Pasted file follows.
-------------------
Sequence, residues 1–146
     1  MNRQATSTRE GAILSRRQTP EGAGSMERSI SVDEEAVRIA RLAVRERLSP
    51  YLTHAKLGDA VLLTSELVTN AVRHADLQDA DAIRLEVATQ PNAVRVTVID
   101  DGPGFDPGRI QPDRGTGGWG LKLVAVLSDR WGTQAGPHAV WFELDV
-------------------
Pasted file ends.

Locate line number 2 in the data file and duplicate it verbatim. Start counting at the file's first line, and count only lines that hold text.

     1  MNRQATSTRE GAILSRRQTP EGAGSMERSI SVDEEAVRIA RLAVRERLSP